Space is sprinkled with the rocky detritus known as asteroids. In our own solar system, tens of thousands of these stone masses are clustered in the asteroid belt that lies between Mars and Jupiter.
Asteroids represent both danger and promise, explains Charles El Mir, a PhD candidate in the laboratory of K.T. Ramesh, director of the Hopkins Extreme Materials Institute and the Alonzo G. Decker Jr. Chair of Science and Engineering at Johns Hopkins. Having one headed toward our planet might seem the stuff of movie drama, but that is actually a plausible scenario that scientists are actively preparing for. In addition, as humans explore deeper into space, asteroids could harbor key resources—such as water—that could potentially be extracted. Drilling into their interiors could help space explorers avoid having to pack everything for a long spaceflight.
Both of these circumstances will require researchers to have a better understanding of asteroids, particularly their varied structures, El Mir says. Knowing whether an asteroid is a giant hunk of rock or a floating gravel pile—or a mix of the two—will make a big difference in strategies that researchers might devise to prevent one from striking Earth or to drill inside.
To help decipher asteroids’ architectures, El Mir’s research focuses on learning more about both length and time scales.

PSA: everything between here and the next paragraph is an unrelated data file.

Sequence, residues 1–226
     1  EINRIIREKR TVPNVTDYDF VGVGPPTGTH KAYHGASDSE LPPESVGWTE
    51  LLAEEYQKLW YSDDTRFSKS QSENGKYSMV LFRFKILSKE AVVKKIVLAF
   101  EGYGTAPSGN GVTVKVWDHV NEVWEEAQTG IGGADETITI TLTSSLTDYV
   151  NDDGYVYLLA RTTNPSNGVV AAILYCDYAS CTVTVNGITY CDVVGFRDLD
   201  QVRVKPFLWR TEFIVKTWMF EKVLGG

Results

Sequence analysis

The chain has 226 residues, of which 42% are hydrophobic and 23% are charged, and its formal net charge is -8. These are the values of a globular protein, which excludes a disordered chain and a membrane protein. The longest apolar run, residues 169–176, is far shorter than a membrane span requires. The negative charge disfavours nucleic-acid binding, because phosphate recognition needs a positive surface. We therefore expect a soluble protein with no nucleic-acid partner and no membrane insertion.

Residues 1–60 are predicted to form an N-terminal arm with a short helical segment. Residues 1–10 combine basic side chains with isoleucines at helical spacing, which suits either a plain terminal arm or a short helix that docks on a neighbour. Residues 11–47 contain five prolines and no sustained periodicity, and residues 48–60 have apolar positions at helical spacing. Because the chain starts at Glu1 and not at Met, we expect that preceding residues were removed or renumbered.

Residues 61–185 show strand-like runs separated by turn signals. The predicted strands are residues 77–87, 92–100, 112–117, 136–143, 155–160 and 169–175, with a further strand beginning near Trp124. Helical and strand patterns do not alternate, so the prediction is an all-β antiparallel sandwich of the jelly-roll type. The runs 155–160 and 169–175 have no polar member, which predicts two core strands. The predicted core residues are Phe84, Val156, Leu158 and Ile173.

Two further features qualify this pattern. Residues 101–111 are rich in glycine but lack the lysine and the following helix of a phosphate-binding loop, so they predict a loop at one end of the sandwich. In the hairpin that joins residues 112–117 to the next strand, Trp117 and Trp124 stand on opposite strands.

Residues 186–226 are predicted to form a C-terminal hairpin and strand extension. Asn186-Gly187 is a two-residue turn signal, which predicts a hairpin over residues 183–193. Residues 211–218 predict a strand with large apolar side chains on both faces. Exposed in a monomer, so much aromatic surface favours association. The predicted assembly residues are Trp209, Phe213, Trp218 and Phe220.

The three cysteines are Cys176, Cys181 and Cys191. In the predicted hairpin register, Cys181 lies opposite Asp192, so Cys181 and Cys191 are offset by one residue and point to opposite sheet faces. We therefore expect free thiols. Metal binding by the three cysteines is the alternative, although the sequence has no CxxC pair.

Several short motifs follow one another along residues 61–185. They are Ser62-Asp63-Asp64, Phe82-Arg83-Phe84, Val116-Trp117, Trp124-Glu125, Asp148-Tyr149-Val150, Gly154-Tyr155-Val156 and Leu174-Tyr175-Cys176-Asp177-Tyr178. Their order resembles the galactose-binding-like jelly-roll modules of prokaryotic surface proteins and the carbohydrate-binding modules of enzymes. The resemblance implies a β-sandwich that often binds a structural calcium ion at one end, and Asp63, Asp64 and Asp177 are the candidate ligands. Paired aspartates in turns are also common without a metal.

“Some asteroids are hundreds of kilometers across, and their structure might change over thousands of years or at the moment of impact. We’re trying to figure out something you could never replicate in a lab. That’s why my lab is our big computational cluster, a group of computers working together,” he says, referring to the Maryland Advanced Research Computing Center, jointly operated by Johns Hopkins University and the University of Maryland, College Park.
Using MARCC, El Mir has spent part of his efforts studying thermal fatigue, the stress that repeated fluctuations in temperature put on an object. Because asteroids have a period of rotation that lasts for just a few hours, they’re turning toward and away from the sun in relatively quick succession, heating and cooling their surfaces. The expansion and contraction caused by these temperature changes could make them break down over time.
He’s devoted another part of his studies to what happens in the hours after a large impact, modeling how material might be expelled but still interact with the asteroid’s gravitational field.
El Mir, whose work is funded by NASA’s Solar System Exploration Research Virtual Institute, hopes to continue researching topics far from Earth-bound as he continues in his career. “We’re still at the very early stages of space exploration,” he says. “I feel that there’s no better challenge than outer space. I want to keep exploring.”